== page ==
These studies tell us a few interesting facts about human behavior. First is that individuals in the dictator position do deal out unequal splits, sometimes even dramatically so (100/0) when they feel that they are in a position to get away with it. And while the majority of individuals may give an unfair deal, there is a sizeable minority who do strive to give out more fair deals. Secondly, these games show that the recipients will gladly forgo the benefit of the deal if it means canceling out what they perceive as an inequity. Now there have been some criticisms of some that absolute value would alter the results, aka, if you actually could receive $30 in USD rather than $30 in monopoly money the recipient would be more likely to take the money and run. However, amazingly enough, experiments done to see whether this is true have shown that the results are not greatly altered, the absolute value of what is being divided has not been shown to correlate with any decrease in the rate of rejection by the recipient, which indicates just how powerful this moral sense of inequity really is in determining human behavior.
And of course these findings should have very real relevance for looking at modern economic arrangements. For example, we can see elements of this behavior with the labor movements of the late 19th and early 20th century. Workers addressing what they saw as inequity in economic arrangements would resort to strikes and demonstration which not only halted production, but also often cost them their very jobs. These actions have puzzled many as it seems to be the workers shooting themselves in the foot, after all, they probably would have gained more income if they simply took the deal offered to them by their employers instead of protesting against it. Those who demonize labor unions use these examples as evidence that labor unions are irrational and harmful to the economy. However, when the concept of inequity aversion is applied to these events, they seem to make more sense, as they could simply be manifestations of the same behaviors observed in game theory which show just how deeply ingrained morality and a sense of justice is in our economic thought processes.
Perhaps an even more interesting example could be in communism. Outraged with what they saw as the unfairness of 19th century predator capitalism, socialists and communists called for a total downfall of the system, and created numerous disruptions for society. The revolutions which popped up over Europe inarguably created unrest and probably hurt the poor and middle class just as much as they did the rich. The inefficiencies of socialism in those countries where communism did take hold probably prevented a growth of wealth to the degree that one could argue that economically the proletariat really had a zero sum gain, they probably could have made just as much if not more if they simply carried on with capitalism like those in Western Europe did (and indeed the wealth of Western European nations attests to this). Of course, when inequity aversion is taken into consideration, one could postulate that these actions may have had more to do with principal rather than any attempt at replacing capitalism with a more efficient system. In installing a communist regime they insured that the privilege and status of wealth was destroyed, the proleteriet in many ways impeded their own economic future so that they could ensure that the rich would not get away with this perceived injustice.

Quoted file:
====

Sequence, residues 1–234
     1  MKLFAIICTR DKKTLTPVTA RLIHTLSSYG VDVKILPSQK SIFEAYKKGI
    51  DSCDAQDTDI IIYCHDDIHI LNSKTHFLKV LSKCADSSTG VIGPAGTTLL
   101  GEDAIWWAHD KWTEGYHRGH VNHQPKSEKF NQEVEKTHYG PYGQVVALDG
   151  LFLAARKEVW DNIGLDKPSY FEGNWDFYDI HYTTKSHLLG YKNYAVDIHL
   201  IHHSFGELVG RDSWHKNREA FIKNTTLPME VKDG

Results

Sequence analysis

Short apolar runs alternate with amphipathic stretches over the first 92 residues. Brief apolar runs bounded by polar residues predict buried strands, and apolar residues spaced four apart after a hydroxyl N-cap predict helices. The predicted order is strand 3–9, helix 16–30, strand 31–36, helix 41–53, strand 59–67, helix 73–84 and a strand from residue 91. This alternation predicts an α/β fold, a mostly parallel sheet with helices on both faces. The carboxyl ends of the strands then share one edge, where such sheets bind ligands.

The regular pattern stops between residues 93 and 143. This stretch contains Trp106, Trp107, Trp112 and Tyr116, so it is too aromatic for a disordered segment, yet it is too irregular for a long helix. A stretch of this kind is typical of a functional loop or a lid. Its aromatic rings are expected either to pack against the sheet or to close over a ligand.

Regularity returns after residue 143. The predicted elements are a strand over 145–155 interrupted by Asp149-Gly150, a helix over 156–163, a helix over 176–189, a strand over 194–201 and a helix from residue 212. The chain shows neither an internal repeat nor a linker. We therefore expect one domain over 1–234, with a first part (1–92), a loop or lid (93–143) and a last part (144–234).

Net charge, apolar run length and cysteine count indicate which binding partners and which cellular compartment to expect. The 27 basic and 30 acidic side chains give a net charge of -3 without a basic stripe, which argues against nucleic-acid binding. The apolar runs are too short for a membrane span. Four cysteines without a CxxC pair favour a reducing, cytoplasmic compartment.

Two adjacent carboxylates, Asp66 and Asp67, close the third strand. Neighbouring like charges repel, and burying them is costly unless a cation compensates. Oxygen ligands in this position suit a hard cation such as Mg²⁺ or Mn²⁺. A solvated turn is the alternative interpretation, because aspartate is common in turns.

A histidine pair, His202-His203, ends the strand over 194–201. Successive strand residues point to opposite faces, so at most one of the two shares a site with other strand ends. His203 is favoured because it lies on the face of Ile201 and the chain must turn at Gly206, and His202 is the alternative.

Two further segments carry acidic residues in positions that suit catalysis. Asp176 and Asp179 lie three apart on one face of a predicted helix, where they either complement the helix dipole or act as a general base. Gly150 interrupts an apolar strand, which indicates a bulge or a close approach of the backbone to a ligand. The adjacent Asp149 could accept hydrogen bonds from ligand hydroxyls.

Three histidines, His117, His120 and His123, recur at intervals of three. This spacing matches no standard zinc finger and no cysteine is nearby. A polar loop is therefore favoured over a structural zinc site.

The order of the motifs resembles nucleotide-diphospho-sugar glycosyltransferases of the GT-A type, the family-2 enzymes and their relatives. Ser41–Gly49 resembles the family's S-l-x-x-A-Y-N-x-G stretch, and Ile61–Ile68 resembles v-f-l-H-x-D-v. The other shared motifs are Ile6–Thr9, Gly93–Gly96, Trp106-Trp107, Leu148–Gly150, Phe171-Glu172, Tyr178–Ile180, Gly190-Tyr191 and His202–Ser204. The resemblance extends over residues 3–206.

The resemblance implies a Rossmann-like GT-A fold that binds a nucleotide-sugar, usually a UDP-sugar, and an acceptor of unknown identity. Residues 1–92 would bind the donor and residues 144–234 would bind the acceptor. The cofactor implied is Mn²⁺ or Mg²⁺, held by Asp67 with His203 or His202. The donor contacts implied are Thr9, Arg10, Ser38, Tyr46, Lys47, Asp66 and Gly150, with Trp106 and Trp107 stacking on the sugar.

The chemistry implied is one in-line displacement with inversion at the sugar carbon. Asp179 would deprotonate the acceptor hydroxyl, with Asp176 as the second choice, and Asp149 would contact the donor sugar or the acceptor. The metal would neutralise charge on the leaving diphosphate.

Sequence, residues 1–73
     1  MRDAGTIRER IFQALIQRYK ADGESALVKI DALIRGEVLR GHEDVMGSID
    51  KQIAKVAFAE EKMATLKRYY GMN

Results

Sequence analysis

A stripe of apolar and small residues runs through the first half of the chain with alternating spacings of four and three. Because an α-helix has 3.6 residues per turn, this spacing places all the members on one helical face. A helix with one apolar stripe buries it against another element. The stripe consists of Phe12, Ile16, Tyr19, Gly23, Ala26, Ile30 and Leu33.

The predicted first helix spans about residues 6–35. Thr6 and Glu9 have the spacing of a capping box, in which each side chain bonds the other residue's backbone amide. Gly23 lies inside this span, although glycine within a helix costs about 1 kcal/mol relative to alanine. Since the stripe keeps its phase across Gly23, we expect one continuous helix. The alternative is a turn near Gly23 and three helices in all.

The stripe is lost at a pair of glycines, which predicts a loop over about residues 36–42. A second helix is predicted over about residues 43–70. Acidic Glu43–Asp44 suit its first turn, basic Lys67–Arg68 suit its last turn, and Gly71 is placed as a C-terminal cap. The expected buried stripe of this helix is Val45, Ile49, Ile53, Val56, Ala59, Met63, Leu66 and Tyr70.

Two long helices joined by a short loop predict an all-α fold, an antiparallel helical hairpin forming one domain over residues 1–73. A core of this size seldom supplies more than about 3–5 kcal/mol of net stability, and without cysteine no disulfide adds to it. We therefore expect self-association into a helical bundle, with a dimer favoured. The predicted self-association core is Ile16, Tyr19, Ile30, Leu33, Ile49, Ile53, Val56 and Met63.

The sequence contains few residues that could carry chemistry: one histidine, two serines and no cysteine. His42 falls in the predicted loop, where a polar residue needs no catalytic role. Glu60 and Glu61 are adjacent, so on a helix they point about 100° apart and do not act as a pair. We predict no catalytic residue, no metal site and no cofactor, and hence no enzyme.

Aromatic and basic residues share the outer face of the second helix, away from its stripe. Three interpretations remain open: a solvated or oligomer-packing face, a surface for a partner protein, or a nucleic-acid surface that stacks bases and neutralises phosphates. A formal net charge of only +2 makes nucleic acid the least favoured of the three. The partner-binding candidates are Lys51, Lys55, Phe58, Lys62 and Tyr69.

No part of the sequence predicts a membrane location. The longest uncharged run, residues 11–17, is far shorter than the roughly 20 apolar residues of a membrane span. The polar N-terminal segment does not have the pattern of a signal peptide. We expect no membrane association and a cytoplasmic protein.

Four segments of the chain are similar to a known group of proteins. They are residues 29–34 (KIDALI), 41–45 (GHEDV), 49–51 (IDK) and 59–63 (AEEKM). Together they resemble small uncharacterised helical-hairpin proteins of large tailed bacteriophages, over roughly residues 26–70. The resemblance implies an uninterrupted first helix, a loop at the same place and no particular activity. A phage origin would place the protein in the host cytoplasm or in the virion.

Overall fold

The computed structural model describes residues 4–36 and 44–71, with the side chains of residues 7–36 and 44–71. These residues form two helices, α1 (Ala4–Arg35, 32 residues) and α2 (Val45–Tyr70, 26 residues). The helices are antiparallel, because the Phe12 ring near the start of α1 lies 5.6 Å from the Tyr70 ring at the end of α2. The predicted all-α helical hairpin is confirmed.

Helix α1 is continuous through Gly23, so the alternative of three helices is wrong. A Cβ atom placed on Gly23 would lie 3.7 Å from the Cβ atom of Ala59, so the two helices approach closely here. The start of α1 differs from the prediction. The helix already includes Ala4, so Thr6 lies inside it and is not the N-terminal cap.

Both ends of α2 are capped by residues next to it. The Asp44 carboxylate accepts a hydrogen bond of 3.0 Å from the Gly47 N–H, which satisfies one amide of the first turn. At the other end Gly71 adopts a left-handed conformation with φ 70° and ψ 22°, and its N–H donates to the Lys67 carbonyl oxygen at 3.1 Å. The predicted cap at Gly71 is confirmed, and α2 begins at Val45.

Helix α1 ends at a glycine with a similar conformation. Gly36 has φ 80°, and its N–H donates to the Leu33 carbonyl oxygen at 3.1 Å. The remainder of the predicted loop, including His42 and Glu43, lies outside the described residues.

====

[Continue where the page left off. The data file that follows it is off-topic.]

And of course this should bring in mind some of the aspects of Nash Equilibrium in the ultimatum game as compared to the dictator game, where by the proposers (dictators) in the ultimatum game are more likely to give a fair proposal than in the dictator game as they understand that if they give an offer which is too one sided they risk losing everything if the receiver vetoes. In terms of labor history in the West, the fear of losing it all prompted capitalist countries to develop policies such as workplace regulations and welfare states to help calm the proletariat and put them on a stronger footing. And while some may argue that this had the effect of reducing the marginal utility of capital in favor of labor, it helped to reduce the social strife that characterized that age. And if one were to consider to the losses which the capitalist would endure from large strikes and threats of revolution, one could argue that the economy actually achieved more wealth and growth after abandoning laissez faire for more social democratic policies as it reduced the incentives of laborers to sabotage the entire economic arrangement. By realizing what was at stake due to the news coming from places like Russia, capitalist countries realized that perceptions of inequity could cause dramatic problems if they were not calmed.
Of course, while there is ample evidence for inequity aversion in people, we still find that the dictator is still capable of cheating the other person if he can, a true free rider if you will. But, the less confident he is that he will get away with it, the less likely he is to attempt such a feat. Furthermore, variations of these games have found that the options available to the players can alter the level of altruistic behavior seen, with proposers who are overly generous under one variation of the game becoming shockingly licentious in another variation. This suggests that people’s levels of altruism are directly related to their environment and the options presented to them can alter what they perceive is to be expected of them. And what they perceive to be expected of them can cause seemingly good people to become much more abusive and unfair, which shouldn’t be surprising to those of us familiar with experiments like the Sanford prison study.